Porsche knows how to throw a party.
Porsche recently hosted an "Icons of Porsche" show at The Slab in Dubai Design District where over 1,000 Porsche vehicles, including classic collectibles, and creative art cars, turned up. Porsche claims it was "one of the biggest public events held by an automotive manufacturer in the Middle East region." Held from November 19-20, the event was the first of its kind in the Middle East, which has become one of the German manufacturer's major profit centers. It also showcased designs from the Porsche Unseen series for the first time at a public event outside of Germany.
The celebration of cars included classic Porsche 911s, Taycan EVs and everything in between. Other than cars, the Icons of Porsche event also played host to musical performances from Danny Neville, Shebani, and Jamy Deville, local and international contemporary art including the work of Chris Labrooy and Jeffrey Docherty, and even Porsche infused DRVN Coffee.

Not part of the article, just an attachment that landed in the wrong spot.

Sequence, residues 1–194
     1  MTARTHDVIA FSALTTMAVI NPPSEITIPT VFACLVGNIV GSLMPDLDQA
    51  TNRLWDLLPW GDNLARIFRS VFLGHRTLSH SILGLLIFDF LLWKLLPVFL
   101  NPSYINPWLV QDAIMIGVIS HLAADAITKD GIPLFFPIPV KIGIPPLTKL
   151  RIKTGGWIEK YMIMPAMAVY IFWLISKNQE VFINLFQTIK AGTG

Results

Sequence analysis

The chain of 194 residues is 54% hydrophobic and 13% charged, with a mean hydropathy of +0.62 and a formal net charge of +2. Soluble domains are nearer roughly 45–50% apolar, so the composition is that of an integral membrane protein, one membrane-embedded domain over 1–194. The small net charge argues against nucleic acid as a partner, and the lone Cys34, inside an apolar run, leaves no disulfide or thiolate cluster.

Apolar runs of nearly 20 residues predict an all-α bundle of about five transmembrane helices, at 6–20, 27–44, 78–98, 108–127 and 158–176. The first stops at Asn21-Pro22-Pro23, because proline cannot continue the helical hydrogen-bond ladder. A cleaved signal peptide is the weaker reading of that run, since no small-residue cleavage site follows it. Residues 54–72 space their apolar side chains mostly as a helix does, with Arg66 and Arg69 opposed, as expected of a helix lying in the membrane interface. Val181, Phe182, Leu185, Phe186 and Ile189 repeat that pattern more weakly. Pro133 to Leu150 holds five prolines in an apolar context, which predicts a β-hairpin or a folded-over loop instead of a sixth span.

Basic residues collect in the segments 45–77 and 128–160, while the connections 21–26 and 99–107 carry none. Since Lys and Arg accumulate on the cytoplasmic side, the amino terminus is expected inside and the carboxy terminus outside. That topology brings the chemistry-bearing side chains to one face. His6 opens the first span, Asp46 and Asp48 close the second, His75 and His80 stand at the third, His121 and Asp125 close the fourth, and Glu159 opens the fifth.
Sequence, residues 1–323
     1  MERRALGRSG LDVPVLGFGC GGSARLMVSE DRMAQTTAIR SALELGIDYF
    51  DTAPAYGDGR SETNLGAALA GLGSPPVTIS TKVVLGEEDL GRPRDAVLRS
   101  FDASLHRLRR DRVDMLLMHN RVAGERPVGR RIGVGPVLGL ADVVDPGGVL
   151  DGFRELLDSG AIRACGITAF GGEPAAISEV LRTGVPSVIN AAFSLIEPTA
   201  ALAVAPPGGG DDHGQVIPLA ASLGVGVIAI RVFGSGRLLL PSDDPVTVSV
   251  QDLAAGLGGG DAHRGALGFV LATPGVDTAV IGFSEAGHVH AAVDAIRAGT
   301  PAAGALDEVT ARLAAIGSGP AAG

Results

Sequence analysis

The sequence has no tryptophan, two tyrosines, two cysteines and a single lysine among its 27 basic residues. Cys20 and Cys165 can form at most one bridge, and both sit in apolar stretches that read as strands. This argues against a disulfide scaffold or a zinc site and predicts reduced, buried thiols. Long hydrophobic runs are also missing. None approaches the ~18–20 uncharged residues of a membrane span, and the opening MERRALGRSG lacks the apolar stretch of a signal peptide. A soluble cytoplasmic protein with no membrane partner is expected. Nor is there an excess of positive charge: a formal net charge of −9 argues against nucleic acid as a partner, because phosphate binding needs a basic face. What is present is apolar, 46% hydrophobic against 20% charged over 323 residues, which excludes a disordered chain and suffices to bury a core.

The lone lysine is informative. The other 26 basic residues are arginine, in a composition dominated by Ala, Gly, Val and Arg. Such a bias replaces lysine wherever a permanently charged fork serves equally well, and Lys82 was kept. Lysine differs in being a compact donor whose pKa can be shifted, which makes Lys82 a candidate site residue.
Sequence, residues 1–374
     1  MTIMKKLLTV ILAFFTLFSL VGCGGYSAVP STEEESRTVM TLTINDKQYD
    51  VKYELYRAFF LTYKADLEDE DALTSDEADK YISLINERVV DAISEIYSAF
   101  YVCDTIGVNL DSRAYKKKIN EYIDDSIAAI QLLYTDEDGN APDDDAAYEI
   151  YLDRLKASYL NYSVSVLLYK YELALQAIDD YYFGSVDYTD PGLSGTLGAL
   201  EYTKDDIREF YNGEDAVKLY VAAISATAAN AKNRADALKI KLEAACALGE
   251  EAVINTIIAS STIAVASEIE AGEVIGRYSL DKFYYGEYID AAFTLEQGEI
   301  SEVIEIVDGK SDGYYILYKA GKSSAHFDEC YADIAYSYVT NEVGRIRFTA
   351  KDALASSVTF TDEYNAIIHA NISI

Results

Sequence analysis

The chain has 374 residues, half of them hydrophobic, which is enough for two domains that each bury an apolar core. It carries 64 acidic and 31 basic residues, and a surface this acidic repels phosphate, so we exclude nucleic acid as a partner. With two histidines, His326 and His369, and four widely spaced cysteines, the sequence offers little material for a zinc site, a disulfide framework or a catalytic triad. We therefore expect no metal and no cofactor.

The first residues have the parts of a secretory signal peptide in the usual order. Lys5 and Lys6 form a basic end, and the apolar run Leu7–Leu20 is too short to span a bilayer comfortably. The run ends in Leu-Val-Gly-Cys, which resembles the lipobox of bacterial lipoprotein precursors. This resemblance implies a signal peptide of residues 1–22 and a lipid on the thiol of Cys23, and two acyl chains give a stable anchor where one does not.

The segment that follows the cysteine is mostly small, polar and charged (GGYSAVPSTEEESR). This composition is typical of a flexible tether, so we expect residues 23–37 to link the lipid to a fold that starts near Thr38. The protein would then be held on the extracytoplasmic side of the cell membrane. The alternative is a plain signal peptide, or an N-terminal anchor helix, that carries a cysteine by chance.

"We know that the region is home to a variety of rare and unique classic Porsches, and we wanted to bring them together with the local community in an event focused on car culture in a family-friendly environment. Our dreams were big and so were our plans but the outcome has astonished us all., said Dr. Manfred Braunl, Chief Executive Officer of Porsche Middle East and Africa.
Show favorites included the legendary Le Mans-winning 911 GT1 and 917 KH. Grant Larson, Director Special Projects & Style at Porsche AG, thinks that this event was a great opportunity for the brand to showcase its long and rich heritage: "This is my first visit to the Middle East and I have been overwhelmed by the interest and enthusiasm in our brand and products in this region. I think the guests truly appreciated that this was not another motor show or product display, but simply a space for them to have a good time, connect with each other and learn more about the brand's heritage first-hand. This event was great to fuel the passion for Porsche, cars in general and showcasing to the public that car culture can be interesting and fun."